Becoming a Chamelon

By Abrahim Harb

I have been influenced by a wide range of people, but I always find inspiration in anything I do. Work was something that always had to be meaningful to me. I will never take a job because I need the cash and if I do, I make it meaningful. Throughout my 23 years on this earth, I have lived life like a sponge, soaking it all up—observing, but never sitting back idle. I have had many mentors, but my AVID teacher stood out due to her honesty. My mother has been there for me every step of the way and every boss I’ve had praises my abilities in general. My persistence has kept me on a path to success (as defined by learning and sometimes money) and my personality has made me a person who everyone (okay, mostly everyone) wants to work with. While developing my interests, I received a variety of mixed messages—but they were rightfully mixed, coming from a genuine place. In the essay, I intend to explain some of the experiences that have shaped my attitude and values about working, careers and vocation.

The major successes in my life are usually based around my mother. From day one, she has been my biggest fan and my worst critic—yes, in all its clichéd glory. My mother was a teacher in her home country of Palestine, but struggled to find a job as a teacher here due to the credentials. But she never let that stop her, she found a job wherever she could. She would use her experience to find a meaningful job to bring in the extra money needed to help maintain the household costs. That is where I learned the ability to become a chameleon, to blend in, but not be forgettable, in regards to vocation or work.

In 5th or 6th grade, one of my teachers (I don’t remember who) spent the last few weeks of school focusing on vocation. At the end of the two week long mini-seminar, we were asked to come in dressed as if we were going into that vocation. I don’t remember much, but I do remember, I was interested in becoming a toymaker. I don a suit jacket and briefcase borrowed from my father. I shoved a stack on blank paper, a pack of pencils and a few of the small McDonald toys I had hoarded. I proudly walked into the classroom the day of the event. Each of us took our seats in our homeroom, which had a different chair arrangement for the day. We sat discussion style, each of us wearing different garb—we were asked to provide a basic 5 minute speech about our job, to accompany the paper we were assigned to write about our vocation; the jobs ranged from dancer, scientists to inventor and teacher.

That is my first memory of discussing vocation and the messages received throughout that entire experience are positive. But as an educator, my teacher was most likely coming from a superficial, yet encouraging point of view. Obviously, we would most likely change the vocation we wanted to pursue multiple times, this was just a way to immerse ourselves in the options out there. At this point, I was still developing as a person, but the reinforcement was positive. Nobody was told you couldn’t achieve that or that isn’t realistic—instead, each person received a variation of “with an education and hard work, you can do it”. This is somewhat negative as well, because there is the rarity that a person can work hard, but may not have completed their education. Sometimes, additional education, beyond high school, is not the way to go. While preparing for this presentation, my mother had a discussion with me. That was the day I realized that my mother made it clear that she would support any vocation I wanted to pursue and make sure I left no stone unturned.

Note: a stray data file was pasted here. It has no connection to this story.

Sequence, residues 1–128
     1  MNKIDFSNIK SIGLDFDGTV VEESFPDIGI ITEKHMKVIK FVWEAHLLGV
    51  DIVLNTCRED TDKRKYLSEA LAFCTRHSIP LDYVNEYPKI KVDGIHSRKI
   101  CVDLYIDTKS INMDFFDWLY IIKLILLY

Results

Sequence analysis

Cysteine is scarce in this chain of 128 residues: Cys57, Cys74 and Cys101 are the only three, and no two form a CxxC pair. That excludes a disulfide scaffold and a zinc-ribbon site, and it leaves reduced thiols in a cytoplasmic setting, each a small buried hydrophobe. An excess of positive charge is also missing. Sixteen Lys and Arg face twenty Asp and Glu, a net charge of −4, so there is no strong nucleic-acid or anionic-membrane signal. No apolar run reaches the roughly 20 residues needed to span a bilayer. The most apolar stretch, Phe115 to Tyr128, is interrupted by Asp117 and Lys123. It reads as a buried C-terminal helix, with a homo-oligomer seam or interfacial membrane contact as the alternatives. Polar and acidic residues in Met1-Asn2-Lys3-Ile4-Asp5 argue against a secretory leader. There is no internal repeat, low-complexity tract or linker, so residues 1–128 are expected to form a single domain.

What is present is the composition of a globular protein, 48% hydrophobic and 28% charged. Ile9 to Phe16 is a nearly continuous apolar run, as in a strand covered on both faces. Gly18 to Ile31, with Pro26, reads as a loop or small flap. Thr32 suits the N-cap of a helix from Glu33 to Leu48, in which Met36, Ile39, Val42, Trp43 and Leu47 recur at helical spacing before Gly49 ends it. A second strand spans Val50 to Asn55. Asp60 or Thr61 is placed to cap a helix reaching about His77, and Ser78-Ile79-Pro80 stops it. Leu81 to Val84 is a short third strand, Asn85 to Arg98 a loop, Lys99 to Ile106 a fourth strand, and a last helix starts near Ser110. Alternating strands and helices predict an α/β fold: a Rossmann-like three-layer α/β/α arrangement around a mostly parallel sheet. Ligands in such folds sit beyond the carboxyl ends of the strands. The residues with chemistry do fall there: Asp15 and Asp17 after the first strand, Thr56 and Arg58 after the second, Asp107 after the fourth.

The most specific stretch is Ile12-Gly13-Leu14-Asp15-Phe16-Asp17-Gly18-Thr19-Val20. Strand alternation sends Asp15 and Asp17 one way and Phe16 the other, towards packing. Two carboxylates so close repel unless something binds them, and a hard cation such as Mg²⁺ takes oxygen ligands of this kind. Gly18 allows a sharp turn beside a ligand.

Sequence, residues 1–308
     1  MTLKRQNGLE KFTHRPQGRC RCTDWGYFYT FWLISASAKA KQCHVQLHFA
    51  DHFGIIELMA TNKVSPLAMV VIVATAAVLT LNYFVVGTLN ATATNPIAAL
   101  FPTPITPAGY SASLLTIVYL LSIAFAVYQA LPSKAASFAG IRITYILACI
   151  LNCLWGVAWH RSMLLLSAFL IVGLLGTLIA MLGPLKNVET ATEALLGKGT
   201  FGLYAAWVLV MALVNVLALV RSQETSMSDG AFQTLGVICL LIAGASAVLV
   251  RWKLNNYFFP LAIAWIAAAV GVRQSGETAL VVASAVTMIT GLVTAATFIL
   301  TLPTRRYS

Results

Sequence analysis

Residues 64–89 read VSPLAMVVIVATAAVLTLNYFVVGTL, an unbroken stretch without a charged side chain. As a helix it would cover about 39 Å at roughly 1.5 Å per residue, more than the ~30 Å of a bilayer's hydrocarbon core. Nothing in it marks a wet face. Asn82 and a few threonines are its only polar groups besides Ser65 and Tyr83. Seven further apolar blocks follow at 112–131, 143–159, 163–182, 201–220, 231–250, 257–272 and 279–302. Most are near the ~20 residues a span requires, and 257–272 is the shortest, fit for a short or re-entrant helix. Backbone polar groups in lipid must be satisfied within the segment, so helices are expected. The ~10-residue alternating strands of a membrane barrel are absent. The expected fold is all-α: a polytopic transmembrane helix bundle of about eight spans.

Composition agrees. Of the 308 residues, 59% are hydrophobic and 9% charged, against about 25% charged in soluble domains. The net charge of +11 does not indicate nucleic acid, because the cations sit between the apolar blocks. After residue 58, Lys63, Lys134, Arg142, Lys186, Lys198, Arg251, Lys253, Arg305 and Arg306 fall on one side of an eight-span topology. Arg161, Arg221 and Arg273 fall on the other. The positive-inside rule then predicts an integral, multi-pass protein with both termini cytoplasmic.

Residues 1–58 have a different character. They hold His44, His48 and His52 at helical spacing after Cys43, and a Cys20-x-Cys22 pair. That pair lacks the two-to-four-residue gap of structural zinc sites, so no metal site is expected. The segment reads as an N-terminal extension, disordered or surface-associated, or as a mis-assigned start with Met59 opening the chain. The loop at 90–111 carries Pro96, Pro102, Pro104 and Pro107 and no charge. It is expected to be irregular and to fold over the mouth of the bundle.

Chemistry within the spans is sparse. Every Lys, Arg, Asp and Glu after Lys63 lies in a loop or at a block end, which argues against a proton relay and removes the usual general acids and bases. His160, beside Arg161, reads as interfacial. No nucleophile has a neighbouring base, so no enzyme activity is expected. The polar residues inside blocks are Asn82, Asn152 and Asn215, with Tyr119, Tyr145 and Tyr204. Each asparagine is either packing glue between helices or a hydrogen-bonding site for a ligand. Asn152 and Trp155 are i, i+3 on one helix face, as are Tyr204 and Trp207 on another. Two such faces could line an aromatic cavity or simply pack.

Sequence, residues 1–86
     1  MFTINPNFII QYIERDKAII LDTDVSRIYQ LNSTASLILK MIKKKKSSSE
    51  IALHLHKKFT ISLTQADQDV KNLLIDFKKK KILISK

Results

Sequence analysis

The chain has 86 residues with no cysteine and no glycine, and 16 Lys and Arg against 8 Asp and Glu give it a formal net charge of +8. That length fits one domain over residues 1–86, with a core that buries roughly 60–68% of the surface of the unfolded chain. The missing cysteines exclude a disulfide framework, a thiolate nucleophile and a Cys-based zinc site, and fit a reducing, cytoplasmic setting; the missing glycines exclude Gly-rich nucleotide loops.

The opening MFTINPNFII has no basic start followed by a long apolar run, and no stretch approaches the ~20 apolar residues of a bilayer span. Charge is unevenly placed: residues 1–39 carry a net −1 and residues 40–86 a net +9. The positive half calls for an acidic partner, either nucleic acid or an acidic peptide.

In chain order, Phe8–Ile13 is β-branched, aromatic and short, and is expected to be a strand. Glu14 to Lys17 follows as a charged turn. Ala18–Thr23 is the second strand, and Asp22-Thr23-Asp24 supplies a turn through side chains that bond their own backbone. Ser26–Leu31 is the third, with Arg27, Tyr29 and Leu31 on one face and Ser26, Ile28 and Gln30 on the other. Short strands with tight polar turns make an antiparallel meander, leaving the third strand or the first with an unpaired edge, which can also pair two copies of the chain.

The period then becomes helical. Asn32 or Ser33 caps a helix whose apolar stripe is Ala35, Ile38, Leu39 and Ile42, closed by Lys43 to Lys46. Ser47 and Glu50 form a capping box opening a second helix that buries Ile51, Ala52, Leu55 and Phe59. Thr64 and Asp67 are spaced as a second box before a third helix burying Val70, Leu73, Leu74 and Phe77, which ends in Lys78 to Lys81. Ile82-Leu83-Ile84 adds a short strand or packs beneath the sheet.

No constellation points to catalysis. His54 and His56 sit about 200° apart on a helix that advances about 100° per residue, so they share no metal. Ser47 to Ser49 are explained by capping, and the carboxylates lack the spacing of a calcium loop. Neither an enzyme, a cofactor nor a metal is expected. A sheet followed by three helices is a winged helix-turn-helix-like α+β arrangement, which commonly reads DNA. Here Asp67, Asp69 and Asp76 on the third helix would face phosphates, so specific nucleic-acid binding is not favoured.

During my transition from grammar school to high school is when vocation became a priority to me. I was in a program called A.V.I.D, which stands for Advanced Via Individual Determination. That program can receive all the credit for shaping me to be the person I am today. I took regular courses, but the program was a framework used to help the AVID students succeed through high school. The accolades extended beyond that, AVID students were treated like celebrities at William Howard Taft High School—we were put on a pedestal, but much was expected from us. The four-year program guides students through their high school career and cultivates well-rounded, aware, eager, inquisitive, motivated, college ready and college bound students. On a regular basis, my mentor, Angela Pittman was available for a chat. She was constantly pushing the class beyond our comfort spot, which is why the messages received ranged from positive, positive glorified messages and negative; they remained consistent in the sense of honesty. The director of AVID and my avid mentor (technically, she was a teacher—but I don’t consider her one) took an interest in each of the students. The messages weren’t clichéd or generalized. Her individualized feedback genuinely is something I will cherish forever. She was honesty, but never rude. Tough, but never endurable. Smart, but never conceited. Friendly, but always professional. She pushed us when we needed it, offered a tissue when we needed it and excused us from class if we showed up clearly shaken up.